Yesterday, I had the good fortune to meet with Ken Harakuma. Ken is a delightful, kind and patient man, who sat through 90 mins of me asking all sorts of questions about the yoga industry in Japan, his relationship to yoga and teaching, and how this influences his life and approach to business. Ken has been teaching yoga for decades, all around the world, and claims to have taught over 6000 people to become yoga teachers in this time through his yoga school. I don't think there is more experienced person with whom I could have started my interviews with prominent yoga teachers in Japan.
I wonder if it's ethical to teach yoga instructors the assumption that chakras have an independent ontological reality of their own (ie they are real), when the original texts never make this assertion...they were to be imagined as an aid to meditation. the historical-textual development is testament in itself, as it took a few centuries for the 6-chakra-system to be standardised between the 6-9th centuries. Before this, and after, there were many ideas about, not only the number, but also the locations that chakras should be imagined at. Also, even after all this time, there is no empirical evidence that chakras are real. A feeling in the body is not proof. Neither is an appeal to emotion. Saying that some feeling is due to a blocked chakra is merely an opinion interpolated onto a fact, ie a physiological response. As an anthropologist, I am fascinated by this phenomenon of the assumption, and need, for chakras to be real. In a way, it reminds me of the similar ways in which creationists want intelligent design to be taught in science classes as a supposedly legitimate alternative.
Those of you who know me well, are aware of two things:
1) I'm obsessed with counting things
2) I really like maps
So what better way to combine my two OCD fetishes than to take all the yoga studios registered in Japan and put them into a map.
Here is a preview of the task ahead - this list will obviously grow over time - as there are 1000s of yoga studios in Japan, according to the lists I've gathered. Now comes the auspicious task of entering the data into a spreadsheet. If you scroll down to the bottom of the page, you can download a Google Earth KML file, which will allow you to view the map in GE. Let me know if you have a yoga studio for this list!
This link is where you can also find the map on our website. The first link, above, will take you directly to the website we are using to create the map. It's really simple to use. I've made a couple of maps like this.
Tomorrow I'm off to Tokyo for about a week. It's my first time. I'm excited and a little nervous. Mostly because I'm a bit of a small-town-kinda-guy. The idea of Greater Tokyo, with its 42million inhabitants, is somewhat overwhelming. I'll be up there for an orientation program to do with my fellowship, which includes an afternoon at the Tokyo Rinkai Disaster Prevention Park. If you want to know more about this place, this article is enlightening.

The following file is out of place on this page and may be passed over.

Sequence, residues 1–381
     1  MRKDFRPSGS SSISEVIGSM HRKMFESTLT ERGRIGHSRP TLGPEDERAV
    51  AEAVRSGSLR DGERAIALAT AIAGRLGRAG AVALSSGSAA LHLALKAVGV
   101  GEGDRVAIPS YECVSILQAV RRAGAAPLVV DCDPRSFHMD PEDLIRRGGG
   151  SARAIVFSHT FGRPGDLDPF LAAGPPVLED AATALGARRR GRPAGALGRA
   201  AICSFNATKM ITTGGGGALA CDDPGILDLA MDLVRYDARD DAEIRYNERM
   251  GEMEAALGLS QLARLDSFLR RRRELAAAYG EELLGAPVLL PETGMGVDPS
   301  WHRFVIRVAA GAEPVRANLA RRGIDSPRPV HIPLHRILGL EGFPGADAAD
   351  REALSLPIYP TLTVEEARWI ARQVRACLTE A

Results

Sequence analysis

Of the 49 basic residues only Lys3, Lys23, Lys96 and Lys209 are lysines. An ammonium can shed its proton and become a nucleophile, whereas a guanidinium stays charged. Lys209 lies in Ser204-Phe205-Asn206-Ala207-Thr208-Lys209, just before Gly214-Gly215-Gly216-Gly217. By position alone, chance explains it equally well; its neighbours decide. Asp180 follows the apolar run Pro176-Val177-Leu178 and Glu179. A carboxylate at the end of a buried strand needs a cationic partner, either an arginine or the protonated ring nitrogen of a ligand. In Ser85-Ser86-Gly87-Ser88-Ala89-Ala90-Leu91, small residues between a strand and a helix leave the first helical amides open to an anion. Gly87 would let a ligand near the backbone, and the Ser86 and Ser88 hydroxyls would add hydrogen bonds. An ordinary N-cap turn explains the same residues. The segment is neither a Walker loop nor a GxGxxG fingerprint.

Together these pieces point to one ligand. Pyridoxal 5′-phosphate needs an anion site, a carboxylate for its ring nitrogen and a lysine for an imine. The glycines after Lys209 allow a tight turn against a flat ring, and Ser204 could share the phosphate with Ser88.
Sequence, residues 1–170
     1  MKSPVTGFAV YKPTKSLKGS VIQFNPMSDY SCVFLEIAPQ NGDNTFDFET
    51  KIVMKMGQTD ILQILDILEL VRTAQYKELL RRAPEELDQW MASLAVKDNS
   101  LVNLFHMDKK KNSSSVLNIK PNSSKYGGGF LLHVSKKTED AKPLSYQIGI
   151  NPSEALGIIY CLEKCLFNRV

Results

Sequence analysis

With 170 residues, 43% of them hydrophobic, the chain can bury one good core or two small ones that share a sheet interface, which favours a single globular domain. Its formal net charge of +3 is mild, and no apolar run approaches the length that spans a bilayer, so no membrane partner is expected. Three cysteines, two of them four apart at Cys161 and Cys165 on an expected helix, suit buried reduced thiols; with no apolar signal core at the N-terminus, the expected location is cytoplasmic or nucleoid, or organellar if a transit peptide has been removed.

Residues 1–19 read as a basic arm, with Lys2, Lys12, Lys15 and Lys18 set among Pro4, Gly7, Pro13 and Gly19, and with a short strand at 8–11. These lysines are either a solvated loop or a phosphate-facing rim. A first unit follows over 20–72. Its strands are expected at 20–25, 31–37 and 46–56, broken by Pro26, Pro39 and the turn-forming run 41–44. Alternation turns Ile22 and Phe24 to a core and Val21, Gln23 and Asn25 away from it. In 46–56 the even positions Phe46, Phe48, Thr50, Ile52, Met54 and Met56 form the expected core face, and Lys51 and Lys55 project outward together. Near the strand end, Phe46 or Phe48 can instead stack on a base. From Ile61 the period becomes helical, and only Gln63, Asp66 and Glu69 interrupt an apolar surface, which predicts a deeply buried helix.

Well, after all this, I will spend a few more days exploring some of Tokyo's yoga studios. I'm hoping to meet as many people as I can, and attend as many yoga classes as well. If you have any recommendations about where to go and whom I should meet, please let me know. Also, if you have any burning questions that keep you up at night, while you wonder about how something in the Japanese yoga industry works, then, send me your question and I'll be happy to ask it for you.
I'm not sure if the list I have is exhaustive, but apparently there are 833 registered studios. And, Setagaya ward has the most amount with 83. Does this mean that Setagaya ward is the most yogic place in Japan? It also happens to be one of the most densely populated. Apparently its a nice place to live.
Yesterday, Yogascapes in Japan ventured to Studio Bindu, in the east of Kyoto, to watch Kamala Klebanova perform Odissi, a classical Indian dance which originated in Odisha (East India).
The forms and costume remind me of the elegantly carved temple figures of ancient India. The movements are fluent, graceful and firm. While the upper body flows from one distinct pose to another, the bent legs point out the rhythm of the drums. Hereby a clapping sound occurs, caused by the dancer's bare feet. The face and hands tell short stories from everyday-life, as well as 2000-year-old epic stories.
According to legend, the dance derives from the gods and is sustained by the dancers who follow their tradition. The present Odissi style not only refers to centuries-old dance traditions that have evolved out of Hindu temples. It is inspired by the Sanskrit texts (which present detailed principles of theatre and dance from the 2nd to 16th century AD), which are the fundamental sources for this remarkable dance form.
From January 12th onwards, on every Monday and Friday, from 7:30 pm to 9:00 pm at Studio Bindu, Kamala offers beginner lessons in Odissi dance. If you are living in Kyoto, or just visiting, please consider joining for a fun evening of delightful dance.
For more information, check out Kamala's website: http://www.my-odissi.com